The Honorable Randy Schobinger
North Dakota Senate
P.O. Box 1215
Minot, ND 58702-1215
Dear Senator Schobinger:
On behalf of the more than 1,000 members of the National Taxpayers Union (NTU) in North Dakota, I write to offer our strong support for your proposed amendment to the North Dakota Constitution, which would prohibit the state from imposing taxes on corporate or individual incomes. As you are certainly aware, and as many of your colleagues should be aware, taxes on earned income can constitute the most troublesome barriers to economic growth. Because these taxes place heavy and -- in North Dakota -- progressively rising burdens on taxpayers and business owners as they work harder, there is no doubt that North Dakota would benefit immensely from their repeal.
It is useful to note, for example, that North Dakota's personal income tax system consists of five brackets and a top rate of 5.54 percent kicking in at an income level of $307,050. Although individual income taxes may be moderate in comparison with those levied in some states, North Dakota's corporate tax structure, which has no federal tax deduction, ranges from 2.5 percent to 7 percent and is higher than most other states that do not allow these taxes to be deducted from federal taxes. Making the corporate income tax even more economically harmful is the fact that it kicks in at only $30,000 of income.
Although North Dakota's economy may be the envy of many high-tax states on either coast like New York or California, North Dakota more often competes for jobs and residents with nearby states like South Dakota. Unfortunately for North Dakota, the presence of a state income tax makes it a less hospitable climate for business than South Dakota. This is borne out by the fact that according to the Tax Foundation's 2004 Business Tax Climate Index, North Dakota finished a rather poor 39th, while South Dakota finished 1st overall.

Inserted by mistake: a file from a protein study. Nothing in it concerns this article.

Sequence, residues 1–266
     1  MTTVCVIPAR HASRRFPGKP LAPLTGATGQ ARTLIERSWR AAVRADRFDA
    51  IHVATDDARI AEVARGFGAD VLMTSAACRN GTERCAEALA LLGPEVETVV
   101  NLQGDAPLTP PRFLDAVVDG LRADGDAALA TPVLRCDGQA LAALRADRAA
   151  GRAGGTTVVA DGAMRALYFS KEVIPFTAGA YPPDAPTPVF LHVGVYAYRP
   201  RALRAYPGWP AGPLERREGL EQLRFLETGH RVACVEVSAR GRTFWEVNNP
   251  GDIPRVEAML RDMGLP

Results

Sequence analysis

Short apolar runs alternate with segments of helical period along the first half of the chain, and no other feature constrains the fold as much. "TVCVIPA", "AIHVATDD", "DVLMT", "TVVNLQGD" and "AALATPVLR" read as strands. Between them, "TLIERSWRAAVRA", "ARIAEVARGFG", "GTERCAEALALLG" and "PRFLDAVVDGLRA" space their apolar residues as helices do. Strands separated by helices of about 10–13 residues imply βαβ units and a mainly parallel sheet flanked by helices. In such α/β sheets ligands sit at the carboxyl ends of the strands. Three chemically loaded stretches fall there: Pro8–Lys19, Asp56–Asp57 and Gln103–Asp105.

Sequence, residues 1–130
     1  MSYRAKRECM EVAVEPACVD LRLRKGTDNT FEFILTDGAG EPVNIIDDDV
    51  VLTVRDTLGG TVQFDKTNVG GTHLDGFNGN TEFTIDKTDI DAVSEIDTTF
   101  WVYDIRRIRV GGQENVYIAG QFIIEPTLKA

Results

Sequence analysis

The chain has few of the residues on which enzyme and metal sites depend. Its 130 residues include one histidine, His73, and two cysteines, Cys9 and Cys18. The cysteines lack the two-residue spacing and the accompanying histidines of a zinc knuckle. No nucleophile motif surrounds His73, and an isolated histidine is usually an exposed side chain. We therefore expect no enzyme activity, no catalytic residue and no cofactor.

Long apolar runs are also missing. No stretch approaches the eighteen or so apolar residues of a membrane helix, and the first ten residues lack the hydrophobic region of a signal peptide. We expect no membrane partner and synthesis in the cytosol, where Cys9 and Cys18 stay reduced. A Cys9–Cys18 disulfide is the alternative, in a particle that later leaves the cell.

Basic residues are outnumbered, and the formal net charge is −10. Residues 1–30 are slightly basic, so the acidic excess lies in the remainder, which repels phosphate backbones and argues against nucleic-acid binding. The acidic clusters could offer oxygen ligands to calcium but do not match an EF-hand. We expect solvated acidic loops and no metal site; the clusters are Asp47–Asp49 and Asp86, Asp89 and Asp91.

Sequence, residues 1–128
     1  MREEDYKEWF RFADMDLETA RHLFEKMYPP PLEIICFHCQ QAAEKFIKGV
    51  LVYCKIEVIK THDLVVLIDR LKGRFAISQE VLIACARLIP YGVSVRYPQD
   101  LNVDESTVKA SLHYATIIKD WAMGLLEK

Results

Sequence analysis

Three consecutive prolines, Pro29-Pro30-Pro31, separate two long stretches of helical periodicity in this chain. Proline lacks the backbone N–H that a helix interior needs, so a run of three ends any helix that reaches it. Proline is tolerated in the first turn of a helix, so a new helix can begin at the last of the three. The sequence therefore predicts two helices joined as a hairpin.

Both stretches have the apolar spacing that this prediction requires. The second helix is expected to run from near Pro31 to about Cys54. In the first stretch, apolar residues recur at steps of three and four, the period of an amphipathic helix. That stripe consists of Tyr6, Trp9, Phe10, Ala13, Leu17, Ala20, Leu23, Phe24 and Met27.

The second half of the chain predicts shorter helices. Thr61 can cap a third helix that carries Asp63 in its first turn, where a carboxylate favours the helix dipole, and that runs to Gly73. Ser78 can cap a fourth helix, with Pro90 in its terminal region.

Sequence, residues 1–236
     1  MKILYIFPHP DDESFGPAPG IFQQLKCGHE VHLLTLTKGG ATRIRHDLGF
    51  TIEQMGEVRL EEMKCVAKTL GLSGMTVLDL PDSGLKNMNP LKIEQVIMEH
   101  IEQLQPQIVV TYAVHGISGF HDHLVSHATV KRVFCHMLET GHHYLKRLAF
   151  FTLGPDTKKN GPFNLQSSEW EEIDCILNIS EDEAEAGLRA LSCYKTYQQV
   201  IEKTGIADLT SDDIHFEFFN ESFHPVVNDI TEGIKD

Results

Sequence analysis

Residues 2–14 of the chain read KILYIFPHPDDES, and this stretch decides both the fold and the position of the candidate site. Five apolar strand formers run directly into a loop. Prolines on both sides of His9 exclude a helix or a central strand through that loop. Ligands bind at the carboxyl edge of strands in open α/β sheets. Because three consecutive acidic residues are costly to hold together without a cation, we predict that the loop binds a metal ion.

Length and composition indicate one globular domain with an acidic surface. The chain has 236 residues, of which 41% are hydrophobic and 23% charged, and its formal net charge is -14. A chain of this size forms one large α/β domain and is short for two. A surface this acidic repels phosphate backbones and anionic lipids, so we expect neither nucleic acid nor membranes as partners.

North Dakota's business climate has real importance for efforts to maintain and expand economic opportunities in the state. A 2002 report called Saving North Dakota found that North Dakota's economy grew 48 percent from 1990 to 2000, while South Dakota's grew 66 percent. Personal income in North Dakota grew 56 percent during the decade, versus 73 percent in South Dakota. Also, non-farm employment in North Dakota grew 27 percent for the decade, versus 37 percent in South Dakota. As for population, census figures released this month show that South Dakota grew by about 63,000 people during the 1990s, compared with North Dakota's 6,340-person increase.
By taking the lead in reforming your state's tax policies through the elimination of North Dakota's income tax, you are doing a great service to your fellow residents. NTU and our members in North Dakota look forward to working with you to enact this important legislation.
Paul J. Gessing
Director of Government Affairs